A day trip got me out of London for twelve hours and, sure, it stuck me on a bus with 40 strangers for most of that time, but who can be bothered to be bothered when it took me through the crisp fall air to the leafy, golden countryside?
When you're doing long-term travel as I have been, it can be hard to remember the magical moments among a day full of great ones. When everything is shiny and new, and you're not taking notes as you go (I tried this and was overwhelmed by the sheer amount of things I needed to write down, which ironically caused me to feel further removed from the experience than was intended), sometimes all those good moments blend together. Enough time has passed since London that I can now say luckily the bad bits get absorbed as well.
But sometimes, when looking back, the extra special moments do uncover themselves from the pile of memories and catch the light to draw your attention a little longer. A few loom larger than life (we'll get to Ireland, don't you worry), and some are small blips in the scheme of things, but those are the ones I try my hardest to hold onto because they so quickly slip away. I suppose there's a lesson here about true magic not ever existing outside the moment, unable to be captured on film or by hand or in words, but I do my best to scrap that rule whenever I can.
One such magical moment happened at Windsor Castle.
Our tour arrived at the castle before opening, so by the time we waited in line and had our tickets scanned, we were the first ones on the grounds. Our guide told us the best way to maximize our visit was to start with the State Apartments and end at St. George's Chapel, where Meghan and Harry were married. I take direction well, so I made a beeline uphill to the apartments where there was another short queue of 10 or so people who also got As as students. When the doors opened, the group in front of me ascended the stairs, took a sharp left towards signs for Queen Mary's Dolls' House (suckers), while I continued on straight. Straight into the gold and crimson State Apartments to find myself -- wait for it -- completely alone.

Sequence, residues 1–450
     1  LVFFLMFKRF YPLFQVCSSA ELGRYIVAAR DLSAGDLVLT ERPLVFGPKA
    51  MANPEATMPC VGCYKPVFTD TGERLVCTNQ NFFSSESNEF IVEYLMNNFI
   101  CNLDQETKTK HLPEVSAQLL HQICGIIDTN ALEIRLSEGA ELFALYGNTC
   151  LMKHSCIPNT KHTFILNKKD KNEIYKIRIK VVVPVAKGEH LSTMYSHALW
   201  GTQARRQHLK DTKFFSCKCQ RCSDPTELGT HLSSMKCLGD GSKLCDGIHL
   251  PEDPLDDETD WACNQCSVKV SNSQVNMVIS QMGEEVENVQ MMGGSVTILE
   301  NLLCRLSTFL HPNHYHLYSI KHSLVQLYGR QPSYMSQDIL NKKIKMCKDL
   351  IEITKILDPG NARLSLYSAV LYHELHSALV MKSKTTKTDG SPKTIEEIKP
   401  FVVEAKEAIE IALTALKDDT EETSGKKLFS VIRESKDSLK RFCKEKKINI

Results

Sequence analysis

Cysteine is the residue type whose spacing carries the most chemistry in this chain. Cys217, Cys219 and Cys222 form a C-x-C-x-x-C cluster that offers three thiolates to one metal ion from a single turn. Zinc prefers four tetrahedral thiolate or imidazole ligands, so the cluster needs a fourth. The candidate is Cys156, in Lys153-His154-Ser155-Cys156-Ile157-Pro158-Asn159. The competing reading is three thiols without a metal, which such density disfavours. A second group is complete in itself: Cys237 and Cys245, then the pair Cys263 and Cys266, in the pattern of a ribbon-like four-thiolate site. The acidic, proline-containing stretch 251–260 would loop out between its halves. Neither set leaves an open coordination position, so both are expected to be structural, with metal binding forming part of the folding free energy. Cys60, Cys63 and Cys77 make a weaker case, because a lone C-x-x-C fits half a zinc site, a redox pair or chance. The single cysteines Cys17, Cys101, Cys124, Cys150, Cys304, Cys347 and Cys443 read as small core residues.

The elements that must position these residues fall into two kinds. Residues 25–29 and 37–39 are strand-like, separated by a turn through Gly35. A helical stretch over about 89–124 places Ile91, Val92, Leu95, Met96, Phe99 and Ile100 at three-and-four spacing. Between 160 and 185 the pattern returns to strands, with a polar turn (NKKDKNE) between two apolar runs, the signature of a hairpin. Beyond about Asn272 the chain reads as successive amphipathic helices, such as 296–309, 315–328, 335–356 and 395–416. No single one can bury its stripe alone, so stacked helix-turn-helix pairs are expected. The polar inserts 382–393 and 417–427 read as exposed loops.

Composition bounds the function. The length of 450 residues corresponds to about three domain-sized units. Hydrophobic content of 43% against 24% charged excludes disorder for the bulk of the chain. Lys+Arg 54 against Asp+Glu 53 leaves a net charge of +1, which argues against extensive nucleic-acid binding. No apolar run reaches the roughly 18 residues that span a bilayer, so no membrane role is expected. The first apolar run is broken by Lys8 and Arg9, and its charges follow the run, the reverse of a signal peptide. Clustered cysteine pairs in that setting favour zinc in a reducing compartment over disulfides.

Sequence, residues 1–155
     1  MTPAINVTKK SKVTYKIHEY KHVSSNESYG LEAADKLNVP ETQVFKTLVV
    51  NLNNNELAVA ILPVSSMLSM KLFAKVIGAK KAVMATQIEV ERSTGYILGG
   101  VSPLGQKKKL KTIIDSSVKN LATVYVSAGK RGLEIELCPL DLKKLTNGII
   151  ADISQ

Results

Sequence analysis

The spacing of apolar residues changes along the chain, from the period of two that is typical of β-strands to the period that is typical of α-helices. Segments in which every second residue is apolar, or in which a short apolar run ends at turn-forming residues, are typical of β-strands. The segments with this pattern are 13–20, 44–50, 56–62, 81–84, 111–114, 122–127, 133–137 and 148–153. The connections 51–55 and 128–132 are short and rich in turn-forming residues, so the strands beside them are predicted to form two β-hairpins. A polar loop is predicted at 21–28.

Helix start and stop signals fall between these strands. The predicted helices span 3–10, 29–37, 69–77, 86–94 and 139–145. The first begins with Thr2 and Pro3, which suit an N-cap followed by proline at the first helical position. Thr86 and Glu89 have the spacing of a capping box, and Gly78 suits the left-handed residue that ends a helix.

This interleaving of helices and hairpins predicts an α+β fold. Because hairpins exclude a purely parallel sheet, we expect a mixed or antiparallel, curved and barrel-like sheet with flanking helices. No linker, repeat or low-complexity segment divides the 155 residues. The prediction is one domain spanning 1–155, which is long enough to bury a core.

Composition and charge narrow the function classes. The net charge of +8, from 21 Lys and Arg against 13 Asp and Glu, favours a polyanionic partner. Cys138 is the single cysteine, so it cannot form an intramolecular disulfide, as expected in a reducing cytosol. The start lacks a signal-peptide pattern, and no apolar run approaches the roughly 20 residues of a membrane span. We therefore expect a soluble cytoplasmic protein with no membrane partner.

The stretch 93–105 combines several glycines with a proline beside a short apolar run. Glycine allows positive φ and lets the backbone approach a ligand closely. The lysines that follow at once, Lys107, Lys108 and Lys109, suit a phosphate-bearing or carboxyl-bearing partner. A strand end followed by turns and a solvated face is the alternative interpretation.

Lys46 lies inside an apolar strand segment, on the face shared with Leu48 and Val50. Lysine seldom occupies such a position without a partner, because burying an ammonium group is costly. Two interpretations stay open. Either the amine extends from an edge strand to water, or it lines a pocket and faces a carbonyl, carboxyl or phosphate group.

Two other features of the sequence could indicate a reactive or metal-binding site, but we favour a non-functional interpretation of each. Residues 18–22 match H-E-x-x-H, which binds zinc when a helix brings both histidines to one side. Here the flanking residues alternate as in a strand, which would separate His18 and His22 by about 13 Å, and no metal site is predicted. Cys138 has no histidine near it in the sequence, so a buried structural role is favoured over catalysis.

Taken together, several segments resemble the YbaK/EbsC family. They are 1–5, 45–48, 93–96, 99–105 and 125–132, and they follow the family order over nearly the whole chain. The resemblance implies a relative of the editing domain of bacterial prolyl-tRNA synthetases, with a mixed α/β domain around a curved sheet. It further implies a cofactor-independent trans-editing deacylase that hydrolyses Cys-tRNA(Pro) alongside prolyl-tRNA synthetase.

I have seen a number of castles by now. I have listened to the hilarious audio tour at Gravensteen in Ghent. I have shuffled shoulder-to-shoulder in an amoeba through Versailles. I have taken in the views from Edinburgh Castle under sunny skies and under rainy ones. I have never, and I feel confident saying I never will again, walked through a castle, that a royal family still uses to this day, completely alone. You better believe I was grinning like a damn fool the entire time. I was not trying to play it cool in front of the docents. In fact, I told each of them the same joke at every opportunity. "I appreciate you coming all the way down here just for me!" I turned in circles staring at the ceiling. I adjusted my invisible crown and fluffed my imaginary mantle. I pretended I was the Queen.
I knew I didn't need to waste energy remembering how it looked (thank you, internet), and I wasn't allowed to take photos anyway, so I was able to enjoy each new room without distraction. I spent my walk squeezing in that feeling of wonder. Physically squeezing my fists and my lungs and my butt cheeks, like I could hold my breath and suspend an experience long enough that it would grow solid, and then all the parts of me that had been compressed/constricted/squeezed would walk away with a real piece of an otherwise intangible, finite experience. We don't do that enough, I think: let ourselves be overtaken by the same wonder and excitement that awaited us around every corner as a kid. In part due to the potential for embarrassment, as if expressing unadulterated enjoyment is something to be quashed, and in part becoming jaded by all we have already seen, as if seeing more hardens us to even more. But I was giddy, and the moment was perfect, and I didn't care who knew it.
In the end, my visit was short. The place isn't that big, after all. I tried to draw it out -- you know, walk slowly so I could savor it, but not too slowly so that anyone behind me might catch up -- but all in all, I probably saw the apartments in less than 10 minutes. They were a really good 10 minutes.
The rest of the day was what you might expect after I mentioned this was a bus tour: plenty of driving, truncated stops at some awesome English highlights, and progressively grayer skies. I'll let the photos do the talking from here on out. My mom doesn't prefer this because it means she doesn't have any text to navigate the rest of the post, but I think the Roman Baths and Stonehenge speak for themselves. Which reminds me, if you have been dying to see fifty different shots of Stonehenge at slightly varying angles, well, then, you're in for a real treat. Remember, it's not the monument itself that's wild to see, it's seeing it while learning about how it got there. (Did you know the "small" bluestones weighing between 2 and 5 tons were brought to the site from more than 250km away? We still don't know exactly how, but historians guess via waterways and then rolled on long timber logs over land. Wild.)